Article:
What I’ve realized is I now have a different machine I do most of my work on for each of my series. Heaven help me if I start a new series. My pocketbook will kill me.
Now, why I haven’t found my bed yet. The cat is better. She is old and I tend to baby her when she isn’t feeling well. Instead of getting some sleep, I made a quick trip to the grocery store. I got there a few minutes before it opened. And, yes, I now have a story line tickling the back of my mind and I’m telling Myrtle the Evil Muse she cannot let it in.
By 0700 in my neighborhood, things are usually getting busy. Folks are going to work and kids are heading out to school. Trying to turn out of the neighborhood usually means waiting several minutes for a break in traffic. Not this morning. I had to wait for one car. The next car was probably close to a third of a mile away. At the traffic light down the road, cars are usually backed up. There were four. Two in each lane. The large gym was closed. Starbucks, which usually has a line of cars out into the street was dark. The drive through was open but no one was waiting to get their morning cup of Joe.
At the store, there were maybe a dozen vehicles, including a couple of delivery trucks, in the parking lot. For the most part, the eight or so folks waiting to get inside were observing social distancing. Everyone seemed to be in a good–and hopeful–mood. Then, as it got closer to time for the doors to open, about half of those gathered, and our numbers had grown some, began crowding together. The rest of us, looked at one another, and took two steps back and away. We were doing our best to keep the six feet between us and the next person.
Inside, it was immediately clear deliveries were still not meeting demand. The front fruit display held a single cantaloupe. Much of the fruit and vegetable area was empty. There was one lone bag of potatoes. No carrots, no celery, etc. As for bread. . . the entire row was empty except for Mrs. Baird’s that has just made a delivery. The butcher block/meat area was pretty much the same. If you wanted corned beef, you were in luck. To my surprise, there were probably a dozen whole fryers out–I grabbed two because I was actually looking for those. But no steaks, no chops, no roasts, no ground beef. (Although the fake ground beef was still in stock–no thank you) Paper products? Forget it. Same with much of the baking staples. Most of the flour and sugar was gone, cake mixes were picked over, etc. Hand sanitizer or sanitizing cleaners? Not a chance in hell. But everything else was in stock, or at least seemed to be.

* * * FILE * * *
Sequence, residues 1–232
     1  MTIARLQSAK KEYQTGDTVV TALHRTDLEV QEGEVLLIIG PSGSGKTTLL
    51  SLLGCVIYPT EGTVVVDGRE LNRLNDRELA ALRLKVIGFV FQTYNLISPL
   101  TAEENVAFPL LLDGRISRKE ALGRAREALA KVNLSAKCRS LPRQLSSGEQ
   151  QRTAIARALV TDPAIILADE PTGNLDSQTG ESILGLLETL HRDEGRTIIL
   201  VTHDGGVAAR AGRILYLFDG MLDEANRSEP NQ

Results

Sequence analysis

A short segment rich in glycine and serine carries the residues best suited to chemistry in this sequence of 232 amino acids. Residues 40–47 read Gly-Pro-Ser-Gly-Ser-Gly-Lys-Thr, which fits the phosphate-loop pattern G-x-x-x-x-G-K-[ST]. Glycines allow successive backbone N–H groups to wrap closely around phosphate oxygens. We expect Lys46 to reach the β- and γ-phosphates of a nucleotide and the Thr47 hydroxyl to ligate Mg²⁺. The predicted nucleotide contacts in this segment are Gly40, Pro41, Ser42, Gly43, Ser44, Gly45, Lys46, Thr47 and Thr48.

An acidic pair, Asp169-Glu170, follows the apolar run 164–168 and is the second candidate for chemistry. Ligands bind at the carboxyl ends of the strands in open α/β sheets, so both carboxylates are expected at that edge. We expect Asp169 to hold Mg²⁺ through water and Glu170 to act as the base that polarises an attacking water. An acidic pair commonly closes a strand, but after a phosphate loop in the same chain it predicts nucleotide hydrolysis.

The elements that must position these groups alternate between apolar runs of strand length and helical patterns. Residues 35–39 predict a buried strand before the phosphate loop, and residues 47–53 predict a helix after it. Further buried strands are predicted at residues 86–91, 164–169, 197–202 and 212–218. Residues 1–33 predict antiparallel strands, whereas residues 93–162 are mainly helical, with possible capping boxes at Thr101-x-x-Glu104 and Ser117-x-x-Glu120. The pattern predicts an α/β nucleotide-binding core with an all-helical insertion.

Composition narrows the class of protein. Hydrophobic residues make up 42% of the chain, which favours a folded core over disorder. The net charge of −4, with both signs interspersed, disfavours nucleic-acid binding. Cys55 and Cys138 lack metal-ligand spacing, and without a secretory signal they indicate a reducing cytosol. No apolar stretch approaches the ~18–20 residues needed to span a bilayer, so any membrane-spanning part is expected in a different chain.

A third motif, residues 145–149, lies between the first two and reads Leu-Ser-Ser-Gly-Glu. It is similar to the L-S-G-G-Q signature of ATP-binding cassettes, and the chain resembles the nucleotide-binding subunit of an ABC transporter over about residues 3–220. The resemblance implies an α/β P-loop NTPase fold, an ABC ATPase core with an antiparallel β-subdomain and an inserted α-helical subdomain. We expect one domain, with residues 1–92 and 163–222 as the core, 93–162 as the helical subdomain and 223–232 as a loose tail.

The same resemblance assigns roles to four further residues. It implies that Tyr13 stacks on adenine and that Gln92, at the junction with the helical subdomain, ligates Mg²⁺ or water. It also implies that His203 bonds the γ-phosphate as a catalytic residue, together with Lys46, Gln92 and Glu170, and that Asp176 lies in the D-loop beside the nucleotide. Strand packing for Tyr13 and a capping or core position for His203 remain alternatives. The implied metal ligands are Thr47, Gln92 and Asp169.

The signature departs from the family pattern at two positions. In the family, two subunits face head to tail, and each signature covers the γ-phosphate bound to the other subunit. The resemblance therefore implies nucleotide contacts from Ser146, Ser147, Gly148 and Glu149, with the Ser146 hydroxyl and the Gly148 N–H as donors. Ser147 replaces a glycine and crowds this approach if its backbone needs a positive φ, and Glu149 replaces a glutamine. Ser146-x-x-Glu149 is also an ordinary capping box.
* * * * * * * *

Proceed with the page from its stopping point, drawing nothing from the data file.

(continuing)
In many ways, it reminded me of the panic buying I saw before Y2K. And, like that, this will pass. But what impressed me was how almost everyone there was calm, respectful of the next person’s personal space, etc. Of course, there were a few exceptions. But they truly were the exceptions. And, each time I ran across one of them, I saw others who looked ready to take them outside and teach them the error of their ways. In other words, I was seeing the beginning of not just social distancing but social enforcement as well.
And, a story idea begins to form. One I so do not need but that will probably come about, at least as a short story. Which might not be a bad thing since I have a short story I need to write here before long.
So here’s my request of each of you. Stay smart. Stay safe. Stay informed.
Oh, and buy some books. 😉